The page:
The prostate is a walnut-sized gland that helps a man produce semen and expel the fluid through the urethra. An operation to remove the gland, called a prostatectomy, often is done to treat prostate cancer.
A prostatectomy can be done in several ways. A traditional, or open, surgery, involves a single incision. The location of the incision depends on a man’s specific diagnosis.
Prostate removal at St. Dominic’s is done with minimally invasive surgery, which means your doctor will use one or two small incisions to perform the procedure. The type of surgery we use is called robotic laparoscopy:
- A small lighted camera called a laparoscope and other instruments are inserted through the openings.
- A doctor moves the surgical equipment using robotic arms from a computer near the operating table.
Robotic laparoscopic surgery to remove the prostate has been shown to be the best approach to avoid damage to surrounding muscle and nerves.
Sometimes, a doctor may begin a minimally invasive prostatectomy but decide during the surgery to switch to a traditional operation, which requires a larger incision. The switch is rare, occurring in about two percent of cases. When it does happen, common factors are obesity, scarring, and anemia.
Your doctor and you will discuss whether you are a candidate for laparoscopic surgery. If you are, you also will decide whether to choose robotic surgery. All surgical options for prostatectomy have advantages and disadvantages.
Anyone weighing the options for prostate removal surgery should ask himself these questions:
- How well will the procedure remove the cancer or other disease?
- How will my ability to urinate be affected, both in the short-term and long-term?
- How will my ability to maintain an erection be affected, both in the short-term and long-term?
- What kind of pain and discomfort will I have after the surgery?
The answers to these questions depend on more than the surgical option you chose. Your age, general health, and other factors also affect what type of procedure is best for you.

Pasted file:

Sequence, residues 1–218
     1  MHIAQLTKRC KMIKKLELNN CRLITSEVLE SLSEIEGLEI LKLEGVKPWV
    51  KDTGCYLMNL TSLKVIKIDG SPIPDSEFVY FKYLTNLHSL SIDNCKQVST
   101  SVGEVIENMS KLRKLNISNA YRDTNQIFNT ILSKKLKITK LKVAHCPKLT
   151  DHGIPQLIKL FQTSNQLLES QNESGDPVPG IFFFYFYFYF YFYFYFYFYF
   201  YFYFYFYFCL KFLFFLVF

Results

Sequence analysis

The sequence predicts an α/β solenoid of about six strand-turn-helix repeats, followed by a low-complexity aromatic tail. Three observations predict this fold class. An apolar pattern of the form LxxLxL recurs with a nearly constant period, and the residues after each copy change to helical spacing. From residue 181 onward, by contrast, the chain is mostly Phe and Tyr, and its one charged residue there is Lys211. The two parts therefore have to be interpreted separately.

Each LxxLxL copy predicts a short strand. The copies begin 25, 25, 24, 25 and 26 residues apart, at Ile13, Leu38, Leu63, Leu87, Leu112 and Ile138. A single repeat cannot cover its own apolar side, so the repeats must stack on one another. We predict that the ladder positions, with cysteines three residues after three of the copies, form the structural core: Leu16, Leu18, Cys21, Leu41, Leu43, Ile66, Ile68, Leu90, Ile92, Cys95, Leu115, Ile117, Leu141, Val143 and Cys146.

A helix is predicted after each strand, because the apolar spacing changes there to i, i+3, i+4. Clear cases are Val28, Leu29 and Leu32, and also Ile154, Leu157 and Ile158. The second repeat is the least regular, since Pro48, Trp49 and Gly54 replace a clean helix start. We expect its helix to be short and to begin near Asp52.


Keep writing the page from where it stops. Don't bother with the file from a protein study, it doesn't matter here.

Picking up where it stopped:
Kidneys are bean-shaped, fist-sized organs located below the rib cage. They filter the blood to produce one to two quarts of urine every day.
Removal of the kidney, a procedure called a nephrectomy, is essentially the only way to treat kidney cancer. High blood pressure, kidney stones and other conditions also might call for removal of a kidney.
A nephrectomy may be performed on a healthy person to allow that person to donate the organ. Most people live well with just one kidney.
At St. Dominic’s, a kidney removal is usually done with a conventional surgical incision. The hospital stay is one to two days.
If only part of the kidney is to be removed, your doctor likely will use a minimally invasive procedure called robotic laparoscopy. That type of operation involves about three or four small incisions in your abdomen and side. A small lighted camera called a laparoscope and other instruments are inserted through the openings. A doctor moves the surgical equipment using robotic arms from a computer near the operating table.
Removing part of the kidney with robotic laparoscopic surgery usually is inpatient. You will be able to go home within two to three days.
Laparoscopic removal of a kidney generally means less blood loss and a shorter recovery time than with an open surgery. A laparoscopic kidney removal takes longer than a traditional surgery and may be difficult for a patient who is very thin or very large.
After beginning surgery to remove part of a kidney, your doctor may decide that the entire kidney has to be taken out. It is also possible your doctor may convert the laparoscopic procedure to an open surgery with a traditional incision.
Neither type of conversion is very likely. Researchers studied what happens in laparoscopic surgery intended to remove part of a kidney. The procedure changes to removal of the entire kidney about 14 percent of the time and changes to a traditional open procedure in less than two percent of cases.
As with all surgery, there is a risk of infection or pain after surgery. Your doctor will provide detailed instructions on how make sure you heal as quickly as possible.